What is meant to be the educational opportunity of a lifetime now bodes serious health implications not just for University of the West Indies students who are marooned in their dormitories located in the Suzhou province but also for their respective countries since the outbreak of the novel coronavirus (2019-nCoV).
The first known outbreak was documented in Wuhan, China in mid-December 2019. Since then, the contagious group of viruses which are said “causes respiratory infection and has shown evidence of human-to-human transmission,” has claimed the lives of an increasing number of people across mainland China.
As part of efforts to combat the widespread infections the Chinese government took advantage of the Lunar New Year to help maintain their restriction on travel.
Even without government enforced curfews, one of the Vincentian students (both of whom are) in contact with ANN said “we (students from UWI Mona and UWI Cave Hill) are allowed to leave our dorms but I am sceptical of doing so because I will be exposed to the air elements since the virus is airborne; but I have to eventually because my food resources are depleting.”
The other female Vincentian student also said “we on the dorms are afraid to go out… just the night before [Monday night] they stopped a vehicle from Wuhan (the epicentre of the outbreak) just outside our school with passengers having fevers. So we are not too keen to go outside. The dorm is safe.”
All told there are approximately 30 students currently pursing studies in Software Engineering at the Suzhou based campus. These students are from Jamaica, Barbados and St. Vincent and the Grenadines.
The Vincentians are past St. Vincent Girls’ High School students. “I started out at UWI back in 2016 studying IT and the opportunity was presented to study Software Engineering – 2 years at UWI and 2 years in China. China is a leading country in technology so I took this opportunity for this purpose. Also, a scholarship was offered to do so,” one of the young ladies confided as to the circumstances leading up to her China based studies.
“This couldn’t have happened at a worse time though, with the Chinese New Year. Most online deliveries have halted until February 2nd – 4th, many stores are closed or have stock shortage and face masks and cleaning essentials are sold out,” the more senior of the two students also told ANN.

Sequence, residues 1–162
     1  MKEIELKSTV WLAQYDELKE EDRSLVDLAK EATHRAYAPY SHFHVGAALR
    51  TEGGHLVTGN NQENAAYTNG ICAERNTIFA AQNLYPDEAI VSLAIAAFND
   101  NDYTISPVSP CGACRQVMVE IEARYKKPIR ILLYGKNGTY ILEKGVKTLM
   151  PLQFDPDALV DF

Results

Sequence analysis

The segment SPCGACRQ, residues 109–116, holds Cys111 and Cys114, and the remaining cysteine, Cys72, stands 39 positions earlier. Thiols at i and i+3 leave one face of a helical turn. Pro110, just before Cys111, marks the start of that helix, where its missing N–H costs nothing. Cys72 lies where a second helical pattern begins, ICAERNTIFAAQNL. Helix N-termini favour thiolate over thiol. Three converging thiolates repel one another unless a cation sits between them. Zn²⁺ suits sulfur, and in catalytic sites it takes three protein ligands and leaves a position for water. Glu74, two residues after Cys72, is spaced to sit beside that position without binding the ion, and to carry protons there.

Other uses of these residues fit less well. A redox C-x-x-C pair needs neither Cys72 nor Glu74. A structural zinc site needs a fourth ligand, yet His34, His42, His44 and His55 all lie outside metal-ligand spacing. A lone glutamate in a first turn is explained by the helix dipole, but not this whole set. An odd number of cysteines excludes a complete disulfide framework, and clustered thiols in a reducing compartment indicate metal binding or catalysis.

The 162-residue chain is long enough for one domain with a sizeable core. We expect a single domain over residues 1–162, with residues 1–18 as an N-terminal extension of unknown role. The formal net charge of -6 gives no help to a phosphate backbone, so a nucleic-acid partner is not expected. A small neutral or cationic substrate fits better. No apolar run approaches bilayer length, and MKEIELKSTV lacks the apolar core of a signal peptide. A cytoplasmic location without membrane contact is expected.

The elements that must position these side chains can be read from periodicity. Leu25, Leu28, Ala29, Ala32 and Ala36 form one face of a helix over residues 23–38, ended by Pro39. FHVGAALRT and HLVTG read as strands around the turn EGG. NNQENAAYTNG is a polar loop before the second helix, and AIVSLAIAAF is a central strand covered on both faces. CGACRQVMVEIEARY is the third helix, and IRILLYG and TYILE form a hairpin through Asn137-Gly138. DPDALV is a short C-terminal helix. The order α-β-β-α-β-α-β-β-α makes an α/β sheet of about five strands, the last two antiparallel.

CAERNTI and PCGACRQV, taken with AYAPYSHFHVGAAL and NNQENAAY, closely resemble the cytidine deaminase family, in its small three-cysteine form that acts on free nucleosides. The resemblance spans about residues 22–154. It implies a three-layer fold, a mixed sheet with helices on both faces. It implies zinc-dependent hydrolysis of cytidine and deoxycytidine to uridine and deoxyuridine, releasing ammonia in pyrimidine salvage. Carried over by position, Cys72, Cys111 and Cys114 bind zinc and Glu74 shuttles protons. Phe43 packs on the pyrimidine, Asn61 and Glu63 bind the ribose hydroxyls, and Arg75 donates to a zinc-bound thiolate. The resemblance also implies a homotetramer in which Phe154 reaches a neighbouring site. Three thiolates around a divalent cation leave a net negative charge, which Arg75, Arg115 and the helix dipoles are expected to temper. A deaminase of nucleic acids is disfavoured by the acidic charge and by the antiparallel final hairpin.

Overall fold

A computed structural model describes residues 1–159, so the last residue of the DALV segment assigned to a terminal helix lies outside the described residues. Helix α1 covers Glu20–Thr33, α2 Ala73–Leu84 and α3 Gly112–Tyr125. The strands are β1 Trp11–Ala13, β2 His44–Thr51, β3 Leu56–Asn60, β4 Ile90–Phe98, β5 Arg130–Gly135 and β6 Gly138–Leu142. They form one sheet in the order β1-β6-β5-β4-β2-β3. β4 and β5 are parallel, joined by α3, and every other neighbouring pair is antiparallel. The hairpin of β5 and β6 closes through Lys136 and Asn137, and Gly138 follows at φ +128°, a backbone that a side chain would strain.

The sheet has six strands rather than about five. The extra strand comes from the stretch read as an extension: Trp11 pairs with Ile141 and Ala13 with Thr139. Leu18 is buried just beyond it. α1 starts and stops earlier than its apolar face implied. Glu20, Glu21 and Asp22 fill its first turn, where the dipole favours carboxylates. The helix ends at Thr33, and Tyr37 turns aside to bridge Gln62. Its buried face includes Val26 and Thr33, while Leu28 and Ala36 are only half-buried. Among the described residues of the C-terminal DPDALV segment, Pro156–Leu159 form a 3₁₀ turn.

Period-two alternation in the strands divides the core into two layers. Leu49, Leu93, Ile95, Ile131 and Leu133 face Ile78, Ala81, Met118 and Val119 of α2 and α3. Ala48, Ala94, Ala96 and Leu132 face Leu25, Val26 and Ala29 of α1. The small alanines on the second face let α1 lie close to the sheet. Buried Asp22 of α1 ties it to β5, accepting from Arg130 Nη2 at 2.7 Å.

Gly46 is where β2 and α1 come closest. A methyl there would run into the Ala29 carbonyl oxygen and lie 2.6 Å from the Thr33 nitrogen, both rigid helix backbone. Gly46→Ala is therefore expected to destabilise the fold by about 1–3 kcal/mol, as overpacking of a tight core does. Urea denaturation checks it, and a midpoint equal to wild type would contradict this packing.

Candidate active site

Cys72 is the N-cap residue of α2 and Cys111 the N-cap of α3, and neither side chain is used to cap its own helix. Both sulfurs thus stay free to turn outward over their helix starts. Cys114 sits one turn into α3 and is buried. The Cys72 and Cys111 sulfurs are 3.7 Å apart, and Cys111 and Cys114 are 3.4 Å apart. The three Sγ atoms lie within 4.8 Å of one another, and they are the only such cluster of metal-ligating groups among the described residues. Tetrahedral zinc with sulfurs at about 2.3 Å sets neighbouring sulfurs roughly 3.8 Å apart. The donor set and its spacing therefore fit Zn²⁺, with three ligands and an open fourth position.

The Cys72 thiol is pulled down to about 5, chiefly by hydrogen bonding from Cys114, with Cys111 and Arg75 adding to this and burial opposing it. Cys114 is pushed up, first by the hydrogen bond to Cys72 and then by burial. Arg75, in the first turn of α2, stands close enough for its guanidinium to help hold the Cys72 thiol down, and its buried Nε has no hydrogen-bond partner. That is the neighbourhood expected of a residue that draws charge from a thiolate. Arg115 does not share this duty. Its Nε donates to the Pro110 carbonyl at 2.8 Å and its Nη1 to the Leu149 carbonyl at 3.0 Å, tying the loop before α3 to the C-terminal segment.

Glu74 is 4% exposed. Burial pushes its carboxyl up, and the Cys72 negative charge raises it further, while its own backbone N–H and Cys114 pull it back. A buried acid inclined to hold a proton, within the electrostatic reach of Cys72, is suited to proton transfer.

The other student spoke about the school administration’s approach to managing the situation. “We were told that further discussion into the matter will be done among the registrar of UWI, a co-ordinator at UWI Cave Hill, [the] principal of the Global Institute of Software Technology and the Dean of UWI Mona Science and Technology to decide whether classes should still commence in March, internship (for the fourth-year students) should resume, methods of getting food resources among other necessities to us and an evacuation plan if the virus outbreak heightens in Suzhou.”
The “administrators,” ANN understands, are aware of the students’ desire to return to their respective home countries. The students are however discouraged because to do so may “expose [them] to more risks of catching the virus.” They were however advised to contact the administrators if they experience any of the novel coronavirus symptoms.
According to webmd.com “often a coronavirus causes upper respiratory infection symptoms like a stuffy nose, cough and sore throat… The coronavirus can also cause middle ear infections in children… most coronaviruses spread the same way other cold-causing viruses do: through an infected person’s hands or face or by touching things such as doorknobs that infected people have touched…. In most cases you won’t know whether you have a coronavirus or a different cold-causing virus.”
As could be imagined the students’ parents are anxious as to their children’s welfare and enquired of the local Foreign Affairs Ministry as to possible plans to address the situation. Ministry officials, we were told, encouraged the parents to have their wards “contact the embassy in Taiwan since we do not have an embassy here in China.”
ANN: How can we help from home?
Student: Not really sure how help can be offered because of the travel/delivery restrictions. Our main mindset was to get home as soon as possible but we wouldn’t want to cause an outbreak back home. It’s risky.”
She believes though “it’ll possibly be easier for [the Taiwanese embassy] to either send supplies to us or maybe extract us to Taiwan if it were to get worse/more threatening.”
Up to publishing time 106 people have died in China from the coronaviruses and more than 4500 cases have been confirmed with nearly 1000 persons said to be in critical conditions, international media reported.
According to theguardian.com “incubation is generally 3-7 days maximum 14 days, the [Chinese Health] Commission says…Several countries are sending charter flights to evacuate their citizens.”